The MouthPad has made its debut at CES 2024 in Las Vegas, showcasing a unique tongue-operated touchpad capable of turning your tongue into a functional mouse for laptops, tablets, and phones.
The MouthPad, cleverly named as a play on “mousepad,” was unveiled by its creators as a discreet and innovative device that sits at the roof of the mouth, functioning like a conventional Bluetooth mouse. Co-founder Tomás Vega demonstrated the technology’s capabilities by effortlessly navigating an iPhone and capturing a selfie during the public presentation at CES.
Crafted from a dental-grade resin, the MouthPad’s design resembles a retainer, complete with a touchpad, battery, and Bluetooth radio. The device’s battery, sourced from Varta, boasts a track record in producing safe, medical implant-grade batteries. Despite the initial apprehension of placing a battery-powered device in the mouth, the use of well-established oral health industry technology offers a level of reassurance.
During the live demonstration, Vega showcased the 7.5-gram MouthPad placed on his palate, emphasizing its unobtrusive design. The touchpad, at a thickness of 5mm, responded seamlessly as Vega opened apps and menus on his iPhone.
The device allows users to speak with it in their mouths and lasts approximately five hours on a single charge, with plans to extend this to eight hours by March. Recharging takes about an hour and a half, conveniently aligning with meal times.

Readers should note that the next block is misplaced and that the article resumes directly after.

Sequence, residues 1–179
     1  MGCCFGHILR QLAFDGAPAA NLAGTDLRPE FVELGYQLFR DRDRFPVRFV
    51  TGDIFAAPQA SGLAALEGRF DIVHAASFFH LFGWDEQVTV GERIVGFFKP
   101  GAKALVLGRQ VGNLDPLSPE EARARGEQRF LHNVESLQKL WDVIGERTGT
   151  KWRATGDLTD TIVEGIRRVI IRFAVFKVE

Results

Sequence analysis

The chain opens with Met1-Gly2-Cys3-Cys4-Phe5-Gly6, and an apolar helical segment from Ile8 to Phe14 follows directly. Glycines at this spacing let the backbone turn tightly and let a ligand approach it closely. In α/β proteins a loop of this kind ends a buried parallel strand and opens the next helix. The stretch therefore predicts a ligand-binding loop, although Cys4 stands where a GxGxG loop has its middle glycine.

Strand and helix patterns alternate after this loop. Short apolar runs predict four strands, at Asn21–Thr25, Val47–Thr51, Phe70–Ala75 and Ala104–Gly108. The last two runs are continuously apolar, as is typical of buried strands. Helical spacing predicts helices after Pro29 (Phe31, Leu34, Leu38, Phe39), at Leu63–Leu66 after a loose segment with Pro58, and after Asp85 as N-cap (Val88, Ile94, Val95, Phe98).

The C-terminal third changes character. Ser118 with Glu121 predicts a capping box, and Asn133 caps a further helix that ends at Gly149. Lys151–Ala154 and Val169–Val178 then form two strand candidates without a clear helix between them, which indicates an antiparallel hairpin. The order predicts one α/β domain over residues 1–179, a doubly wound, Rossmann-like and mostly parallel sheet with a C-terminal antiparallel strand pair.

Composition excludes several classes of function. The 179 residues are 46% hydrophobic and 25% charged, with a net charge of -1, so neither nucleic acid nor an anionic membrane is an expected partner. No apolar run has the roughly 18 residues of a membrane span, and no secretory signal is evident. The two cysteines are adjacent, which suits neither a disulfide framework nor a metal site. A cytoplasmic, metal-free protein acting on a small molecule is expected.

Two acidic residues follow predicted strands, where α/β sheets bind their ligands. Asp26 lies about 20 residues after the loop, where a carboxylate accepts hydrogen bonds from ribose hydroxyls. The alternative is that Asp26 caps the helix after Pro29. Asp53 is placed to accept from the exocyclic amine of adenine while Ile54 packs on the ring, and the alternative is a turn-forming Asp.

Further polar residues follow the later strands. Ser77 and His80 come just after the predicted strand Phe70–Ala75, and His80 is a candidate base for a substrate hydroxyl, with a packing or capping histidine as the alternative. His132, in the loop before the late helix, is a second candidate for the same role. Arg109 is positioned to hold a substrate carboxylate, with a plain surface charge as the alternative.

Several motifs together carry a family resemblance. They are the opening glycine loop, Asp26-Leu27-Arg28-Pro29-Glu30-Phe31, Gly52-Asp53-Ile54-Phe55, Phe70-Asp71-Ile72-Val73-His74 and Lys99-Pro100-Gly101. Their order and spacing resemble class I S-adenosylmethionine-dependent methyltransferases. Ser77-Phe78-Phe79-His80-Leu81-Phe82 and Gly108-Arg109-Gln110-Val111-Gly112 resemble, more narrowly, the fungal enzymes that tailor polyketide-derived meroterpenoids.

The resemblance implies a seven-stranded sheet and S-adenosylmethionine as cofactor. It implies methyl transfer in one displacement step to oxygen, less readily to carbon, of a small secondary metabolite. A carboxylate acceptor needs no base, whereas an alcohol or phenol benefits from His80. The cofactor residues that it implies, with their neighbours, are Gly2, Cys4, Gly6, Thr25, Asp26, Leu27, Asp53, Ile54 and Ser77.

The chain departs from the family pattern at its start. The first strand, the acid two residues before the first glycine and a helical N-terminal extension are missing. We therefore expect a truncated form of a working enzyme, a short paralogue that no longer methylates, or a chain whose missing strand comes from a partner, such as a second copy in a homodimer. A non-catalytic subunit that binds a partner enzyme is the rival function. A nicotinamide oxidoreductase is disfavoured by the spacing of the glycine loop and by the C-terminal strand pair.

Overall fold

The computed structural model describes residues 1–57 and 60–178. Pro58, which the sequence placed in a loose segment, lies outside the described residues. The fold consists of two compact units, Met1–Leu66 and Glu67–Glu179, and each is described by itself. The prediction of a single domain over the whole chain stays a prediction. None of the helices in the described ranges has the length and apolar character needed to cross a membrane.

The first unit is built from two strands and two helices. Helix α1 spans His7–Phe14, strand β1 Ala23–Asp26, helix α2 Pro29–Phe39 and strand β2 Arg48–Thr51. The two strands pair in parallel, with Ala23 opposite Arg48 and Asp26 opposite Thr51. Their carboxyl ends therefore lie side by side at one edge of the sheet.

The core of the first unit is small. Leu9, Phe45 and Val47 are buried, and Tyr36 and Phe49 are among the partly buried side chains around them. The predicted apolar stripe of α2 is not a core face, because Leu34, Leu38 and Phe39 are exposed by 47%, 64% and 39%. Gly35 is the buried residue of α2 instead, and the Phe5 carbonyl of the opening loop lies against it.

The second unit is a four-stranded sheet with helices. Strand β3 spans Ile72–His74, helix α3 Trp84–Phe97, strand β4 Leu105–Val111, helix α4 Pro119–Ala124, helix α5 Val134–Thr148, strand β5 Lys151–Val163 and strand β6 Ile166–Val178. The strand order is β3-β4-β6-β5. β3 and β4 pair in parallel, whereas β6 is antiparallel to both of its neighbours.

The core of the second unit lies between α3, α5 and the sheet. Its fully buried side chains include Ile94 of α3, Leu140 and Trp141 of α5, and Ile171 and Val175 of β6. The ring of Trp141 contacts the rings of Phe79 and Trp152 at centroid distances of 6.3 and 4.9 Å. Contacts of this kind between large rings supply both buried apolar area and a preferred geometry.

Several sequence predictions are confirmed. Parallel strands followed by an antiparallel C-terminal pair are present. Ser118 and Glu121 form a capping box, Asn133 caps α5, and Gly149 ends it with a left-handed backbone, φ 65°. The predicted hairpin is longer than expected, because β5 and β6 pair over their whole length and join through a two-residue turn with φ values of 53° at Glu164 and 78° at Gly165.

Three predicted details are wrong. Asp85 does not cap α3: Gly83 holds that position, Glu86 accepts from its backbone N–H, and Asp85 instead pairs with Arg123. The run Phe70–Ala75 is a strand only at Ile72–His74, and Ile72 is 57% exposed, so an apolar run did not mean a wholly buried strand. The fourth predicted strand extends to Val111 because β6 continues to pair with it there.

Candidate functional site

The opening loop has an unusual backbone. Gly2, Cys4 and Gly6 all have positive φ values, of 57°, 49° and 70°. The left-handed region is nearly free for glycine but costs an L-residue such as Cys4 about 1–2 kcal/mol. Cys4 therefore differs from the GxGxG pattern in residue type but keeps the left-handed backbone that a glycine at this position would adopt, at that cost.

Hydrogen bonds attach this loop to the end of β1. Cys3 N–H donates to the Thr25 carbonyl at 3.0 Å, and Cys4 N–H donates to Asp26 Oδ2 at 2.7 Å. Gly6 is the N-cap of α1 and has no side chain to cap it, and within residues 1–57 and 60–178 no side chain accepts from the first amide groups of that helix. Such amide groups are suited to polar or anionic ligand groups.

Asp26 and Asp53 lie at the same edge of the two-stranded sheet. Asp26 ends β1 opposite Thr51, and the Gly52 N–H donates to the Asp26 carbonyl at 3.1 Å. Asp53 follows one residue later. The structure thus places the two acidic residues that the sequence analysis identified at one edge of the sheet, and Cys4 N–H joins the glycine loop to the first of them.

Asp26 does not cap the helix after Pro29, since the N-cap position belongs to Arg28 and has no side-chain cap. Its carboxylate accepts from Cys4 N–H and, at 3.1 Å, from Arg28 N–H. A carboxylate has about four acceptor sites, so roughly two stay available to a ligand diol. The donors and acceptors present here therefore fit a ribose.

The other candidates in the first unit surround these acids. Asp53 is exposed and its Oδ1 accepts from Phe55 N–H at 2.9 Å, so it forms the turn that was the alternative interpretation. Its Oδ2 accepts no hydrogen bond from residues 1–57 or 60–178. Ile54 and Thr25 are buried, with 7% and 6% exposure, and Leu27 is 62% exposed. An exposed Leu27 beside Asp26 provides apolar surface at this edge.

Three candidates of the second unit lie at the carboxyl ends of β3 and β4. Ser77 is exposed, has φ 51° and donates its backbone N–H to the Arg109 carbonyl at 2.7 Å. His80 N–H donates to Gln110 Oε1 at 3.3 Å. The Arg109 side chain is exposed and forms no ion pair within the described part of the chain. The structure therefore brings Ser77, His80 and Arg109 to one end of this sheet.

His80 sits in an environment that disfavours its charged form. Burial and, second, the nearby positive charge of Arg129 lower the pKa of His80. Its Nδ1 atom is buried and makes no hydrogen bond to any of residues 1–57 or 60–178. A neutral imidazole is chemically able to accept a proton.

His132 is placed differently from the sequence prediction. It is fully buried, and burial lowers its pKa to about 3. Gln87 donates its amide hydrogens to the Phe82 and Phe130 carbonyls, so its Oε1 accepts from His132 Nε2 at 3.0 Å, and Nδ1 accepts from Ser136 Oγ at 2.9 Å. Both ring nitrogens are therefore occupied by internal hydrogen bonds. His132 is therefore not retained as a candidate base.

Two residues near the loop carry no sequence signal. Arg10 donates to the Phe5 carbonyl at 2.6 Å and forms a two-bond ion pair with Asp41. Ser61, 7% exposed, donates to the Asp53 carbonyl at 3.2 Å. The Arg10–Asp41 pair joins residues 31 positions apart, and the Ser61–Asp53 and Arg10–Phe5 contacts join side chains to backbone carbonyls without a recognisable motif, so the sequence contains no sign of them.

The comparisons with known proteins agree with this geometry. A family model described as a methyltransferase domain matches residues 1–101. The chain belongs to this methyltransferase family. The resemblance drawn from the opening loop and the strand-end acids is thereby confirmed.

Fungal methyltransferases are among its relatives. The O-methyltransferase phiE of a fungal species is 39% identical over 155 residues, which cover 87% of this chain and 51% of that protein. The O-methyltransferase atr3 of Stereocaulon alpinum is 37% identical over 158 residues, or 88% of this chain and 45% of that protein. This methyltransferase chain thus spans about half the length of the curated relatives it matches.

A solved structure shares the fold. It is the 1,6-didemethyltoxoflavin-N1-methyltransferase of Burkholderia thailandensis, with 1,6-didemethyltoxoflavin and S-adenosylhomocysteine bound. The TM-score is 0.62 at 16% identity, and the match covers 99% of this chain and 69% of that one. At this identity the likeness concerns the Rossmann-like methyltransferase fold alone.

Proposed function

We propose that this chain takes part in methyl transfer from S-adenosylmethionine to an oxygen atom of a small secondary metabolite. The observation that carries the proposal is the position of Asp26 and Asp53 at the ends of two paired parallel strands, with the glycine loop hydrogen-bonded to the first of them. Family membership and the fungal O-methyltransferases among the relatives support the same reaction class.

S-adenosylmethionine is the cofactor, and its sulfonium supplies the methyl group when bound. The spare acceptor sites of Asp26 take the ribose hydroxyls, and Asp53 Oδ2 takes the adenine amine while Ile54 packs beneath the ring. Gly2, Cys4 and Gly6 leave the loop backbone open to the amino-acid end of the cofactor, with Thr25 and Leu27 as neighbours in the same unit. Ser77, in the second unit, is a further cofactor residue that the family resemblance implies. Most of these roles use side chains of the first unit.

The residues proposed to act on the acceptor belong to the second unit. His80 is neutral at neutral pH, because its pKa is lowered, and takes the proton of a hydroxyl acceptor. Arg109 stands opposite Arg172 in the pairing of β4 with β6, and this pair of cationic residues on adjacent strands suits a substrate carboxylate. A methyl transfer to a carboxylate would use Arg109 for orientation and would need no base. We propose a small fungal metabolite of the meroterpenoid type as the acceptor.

Utilizing Apple’s Assistive Touch feature for iOS navigation, the MouthPad is also recognized by other devices as a Bluetooth mouse. Currently available for early access sign-ups, the MouthPad is individually 3D printed based on dental impressions provided during the ordering process. Early access users receive dedicated assistance from the company for setup, calibration, and ongoing support.
In the tongue-operated controllers market, the MouthPad stands out as an elegant and sophisticated option. Its compatibility with various devices and advanced production readiness set it apart. As the device progresses towards general availability later this year, only long-term real-world usage will reveal the full potential of the human tongue as a viable organ for computer interactions.
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